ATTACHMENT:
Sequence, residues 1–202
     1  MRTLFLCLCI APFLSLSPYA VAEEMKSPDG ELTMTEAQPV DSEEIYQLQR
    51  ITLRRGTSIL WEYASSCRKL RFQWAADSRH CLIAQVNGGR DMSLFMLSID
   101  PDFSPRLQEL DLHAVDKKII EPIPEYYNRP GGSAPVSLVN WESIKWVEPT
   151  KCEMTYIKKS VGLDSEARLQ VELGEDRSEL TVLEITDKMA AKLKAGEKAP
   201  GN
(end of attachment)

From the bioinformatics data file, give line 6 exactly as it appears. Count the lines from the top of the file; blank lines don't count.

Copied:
   201  GN